|4568 Pte. W. Cawthorne, 18th Hussars.
Queen’s South Africa Medal clasps Talana, Defence of Ladysmith.
Wounded in action Ladysmith 20 November 1899
With a CD-ROM containing 133 pages of pension
invalidity papers. Walter Gerald Cawthorne
enlisted as number 3147 in 1st Dragoons 28
February 1889 aged 20 years 10 months.
Discharged by purchase (£18) at Colchester 15
January 1891. Conduct good. Re-enlisted as
number 3685 in 17th Lancers at London 24 June
1892 aged 21 years 2 months, transferring with
number 4568 to 18th Hussars 20 November
1895. Born Rainham, Norfolk. Occupation
Between 1889 and 1900 had 21 entries in the
defaulter book for various offences including
three charges of desertion resulting in courts
martial. Charged with desertion after absenting
himself from 22 August 1892 until apprehended
by the civil power 5 October 1892 and with
losing by neglect many items of kit. Convicted of
absence without leave but not desertion at
Hounslow 15 October 1892 and imprisoned for
28 days with hard labour with pay stoppages to
cover loss of kit.
Charged with desertion immediately after release 11 November 1892 until apprehended 8
March 1893 and being deficient of two items of clothing. Convicted of desertion at
Hounslow 18 March 1893 and imprisoned for 112 days with hard labour with pay stoppages
for loss of clothing. Convicted of desertion at Hounslow 18 March 1893 and imprisoned for
112 days with hard labour with pay stoppages for loss of clothing.
Charged with desertion at Leeds 18 March 1895 until apprehended at Hull 1 May 1896 and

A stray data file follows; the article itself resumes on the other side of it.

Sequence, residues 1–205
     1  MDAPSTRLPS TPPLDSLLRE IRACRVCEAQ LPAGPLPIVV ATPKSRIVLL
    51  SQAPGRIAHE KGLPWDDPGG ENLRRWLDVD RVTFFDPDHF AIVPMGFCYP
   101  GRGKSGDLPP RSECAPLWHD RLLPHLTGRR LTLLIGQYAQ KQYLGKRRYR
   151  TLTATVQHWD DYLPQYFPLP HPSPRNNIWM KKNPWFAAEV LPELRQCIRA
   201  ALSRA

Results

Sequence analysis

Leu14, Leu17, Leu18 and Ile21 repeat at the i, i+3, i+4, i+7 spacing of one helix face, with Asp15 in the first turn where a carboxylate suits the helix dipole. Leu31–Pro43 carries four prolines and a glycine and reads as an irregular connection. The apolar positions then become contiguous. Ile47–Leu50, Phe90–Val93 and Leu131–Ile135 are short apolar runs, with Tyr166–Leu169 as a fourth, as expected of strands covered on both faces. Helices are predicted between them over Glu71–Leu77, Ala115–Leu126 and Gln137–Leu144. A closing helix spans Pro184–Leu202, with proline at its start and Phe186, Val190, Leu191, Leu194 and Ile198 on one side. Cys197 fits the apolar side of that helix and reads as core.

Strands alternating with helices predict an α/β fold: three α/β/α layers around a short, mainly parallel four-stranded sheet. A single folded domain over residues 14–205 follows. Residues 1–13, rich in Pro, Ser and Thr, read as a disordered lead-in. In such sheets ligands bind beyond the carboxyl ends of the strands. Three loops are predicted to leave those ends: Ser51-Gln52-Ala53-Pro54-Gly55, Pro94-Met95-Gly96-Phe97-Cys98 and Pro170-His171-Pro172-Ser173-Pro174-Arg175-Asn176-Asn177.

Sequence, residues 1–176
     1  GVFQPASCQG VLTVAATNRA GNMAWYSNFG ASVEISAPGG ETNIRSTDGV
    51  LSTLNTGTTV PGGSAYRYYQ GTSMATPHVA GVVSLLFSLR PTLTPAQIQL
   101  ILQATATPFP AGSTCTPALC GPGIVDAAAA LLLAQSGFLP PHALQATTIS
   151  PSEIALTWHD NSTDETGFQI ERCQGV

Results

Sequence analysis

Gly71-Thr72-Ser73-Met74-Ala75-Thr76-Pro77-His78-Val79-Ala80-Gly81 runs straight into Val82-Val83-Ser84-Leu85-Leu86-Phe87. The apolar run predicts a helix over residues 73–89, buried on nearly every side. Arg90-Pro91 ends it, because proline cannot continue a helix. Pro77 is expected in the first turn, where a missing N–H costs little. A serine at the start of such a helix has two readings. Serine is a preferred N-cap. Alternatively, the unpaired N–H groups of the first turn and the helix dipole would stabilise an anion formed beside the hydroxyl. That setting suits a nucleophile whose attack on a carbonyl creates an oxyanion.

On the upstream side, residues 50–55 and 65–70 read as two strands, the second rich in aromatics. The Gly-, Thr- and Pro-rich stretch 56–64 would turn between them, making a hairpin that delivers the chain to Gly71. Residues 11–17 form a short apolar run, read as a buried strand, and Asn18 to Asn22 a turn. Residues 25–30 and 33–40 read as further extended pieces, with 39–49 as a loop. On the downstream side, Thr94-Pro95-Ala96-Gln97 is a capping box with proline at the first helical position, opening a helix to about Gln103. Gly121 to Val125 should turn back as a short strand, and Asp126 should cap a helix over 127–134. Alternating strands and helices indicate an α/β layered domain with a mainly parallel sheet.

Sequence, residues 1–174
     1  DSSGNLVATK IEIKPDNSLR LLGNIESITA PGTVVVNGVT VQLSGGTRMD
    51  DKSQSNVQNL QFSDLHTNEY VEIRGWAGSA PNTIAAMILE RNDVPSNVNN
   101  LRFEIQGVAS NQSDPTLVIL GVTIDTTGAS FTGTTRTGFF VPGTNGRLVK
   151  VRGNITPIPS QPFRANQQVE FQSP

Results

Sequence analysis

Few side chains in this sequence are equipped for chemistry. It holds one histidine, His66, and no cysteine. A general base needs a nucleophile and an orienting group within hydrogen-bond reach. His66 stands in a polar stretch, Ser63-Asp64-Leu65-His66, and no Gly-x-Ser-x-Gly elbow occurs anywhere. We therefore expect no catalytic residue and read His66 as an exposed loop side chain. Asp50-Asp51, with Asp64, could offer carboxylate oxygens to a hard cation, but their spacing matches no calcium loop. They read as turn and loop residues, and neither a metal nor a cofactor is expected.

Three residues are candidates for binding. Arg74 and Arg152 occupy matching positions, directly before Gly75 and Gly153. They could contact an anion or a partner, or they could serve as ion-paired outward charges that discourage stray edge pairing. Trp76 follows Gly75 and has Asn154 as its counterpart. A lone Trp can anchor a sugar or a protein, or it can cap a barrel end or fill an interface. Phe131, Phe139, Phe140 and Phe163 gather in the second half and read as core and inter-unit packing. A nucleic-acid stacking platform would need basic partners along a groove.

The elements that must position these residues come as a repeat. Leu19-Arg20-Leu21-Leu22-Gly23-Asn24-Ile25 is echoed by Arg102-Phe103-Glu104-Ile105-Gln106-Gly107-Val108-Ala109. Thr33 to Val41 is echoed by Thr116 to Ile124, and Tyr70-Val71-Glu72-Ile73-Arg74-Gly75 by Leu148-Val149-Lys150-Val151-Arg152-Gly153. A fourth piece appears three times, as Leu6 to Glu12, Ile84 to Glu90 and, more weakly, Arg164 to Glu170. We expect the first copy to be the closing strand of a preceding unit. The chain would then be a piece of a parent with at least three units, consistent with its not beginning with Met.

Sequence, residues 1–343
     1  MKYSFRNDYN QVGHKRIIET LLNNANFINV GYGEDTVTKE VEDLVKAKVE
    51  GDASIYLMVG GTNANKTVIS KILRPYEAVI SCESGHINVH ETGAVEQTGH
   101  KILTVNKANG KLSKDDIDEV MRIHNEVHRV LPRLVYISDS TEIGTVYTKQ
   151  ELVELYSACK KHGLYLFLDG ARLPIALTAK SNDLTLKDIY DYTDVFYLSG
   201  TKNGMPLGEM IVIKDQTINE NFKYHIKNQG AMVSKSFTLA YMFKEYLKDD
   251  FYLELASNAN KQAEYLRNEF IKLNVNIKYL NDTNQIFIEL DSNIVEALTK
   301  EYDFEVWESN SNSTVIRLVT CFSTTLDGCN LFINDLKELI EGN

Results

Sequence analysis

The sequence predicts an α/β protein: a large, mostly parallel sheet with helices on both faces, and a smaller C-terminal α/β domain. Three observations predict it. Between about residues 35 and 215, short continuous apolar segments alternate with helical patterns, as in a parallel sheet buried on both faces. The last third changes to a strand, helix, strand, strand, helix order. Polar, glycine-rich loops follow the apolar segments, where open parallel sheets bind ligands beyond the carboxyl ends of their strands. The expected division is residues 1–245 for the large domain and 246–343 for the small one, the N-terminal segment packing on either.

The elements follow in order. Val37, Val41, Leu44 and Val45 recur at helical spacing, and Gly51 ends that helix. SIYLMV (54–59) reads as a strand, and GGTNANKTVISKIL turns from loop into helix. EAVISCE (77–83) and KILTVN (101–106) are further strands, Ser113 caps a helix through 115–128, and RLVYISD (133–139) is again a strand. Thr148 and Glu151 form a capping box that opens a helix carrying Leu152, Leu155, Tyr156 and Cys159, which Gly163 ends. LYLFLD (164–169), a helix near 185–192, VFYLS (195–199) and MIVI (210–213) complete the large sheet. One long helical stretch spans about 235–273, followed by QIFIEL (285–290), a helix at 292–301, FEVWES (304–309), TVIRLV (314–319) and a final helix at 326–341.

being deficient of various items of equipment. Convicted of desertion at York 14 May 1896
and imprisoned for 6 months with hard labour with pay stoppages to cover loss of equipment.
Hit by a bursting shell 20 November 1899 and wounded in lumbar region, left thigh, right
cheek, left wrist and left fingers and thumb.
Admitted to 24th Brigade Field Hospital and transferred to Intombi Camp Hospital 1
December and to other hospitals from 10 December. Discharged medically unfit for further
service at Canterbury 18 December 1900. Conduct latterly good. A medical report in
November 1901 stated that his wounds had healed but he had partial paralysis of both legs,
paralysis of the bladder and suffered from fits. He also had a weakness in his back and pain
on movement. His disability was assessed as total.
Convicted at Bow Street Magistrates Court of assault in February 1902 and sentenced to
21 days imprisonment with hard labour. A medical report in August 1920 additionally stated
that he was totally blind in the right eye. His degree of disability was assessed at 80%. A
further medical report in December 1920 specified that his 80% disability was made up of
40% for his eye problems and 40% for the effects of his wounds. A medical report in
November 1921 confirmed his disability at 80% but stated that 50% was due to his eye
problems and 30% due to his wounds. Despite stating that he suffered from swollen ankles,
giddiness, incontinence and that he was unable to straighten his back, a further medical
report in May 1923 reduced his degree of disability for the effects of his wounds to
1%-5% but confirmed a 60% disability for his eye condition.
The Ministry of Pensions challenged his eligibility for a pension award for his eye condition
as there was no evidence that this was caused by wounds or injury on service. An eye
specialist stated that his defective vision was not caused wholly and directly due to his
wounds but that his right eye cataract probably began as a result. This assessment was at
first accepted by the pension authorities but then rejected very soon afterwards.
Fortunately for Cawthorne his pension overpayment of £194/7/9d between April 1919 and
July 1923 was written off as he was completely unaware of his ineligibility. Served as
Hospital Orderly at No. 8 (Baltic & Corn Exchange) Red Cross Hospital in Calais 9 January
to 10 December 1918. Died of uraemia and chronic nephritis at Southend Municipal Hospital
22 November 1946 aged 79.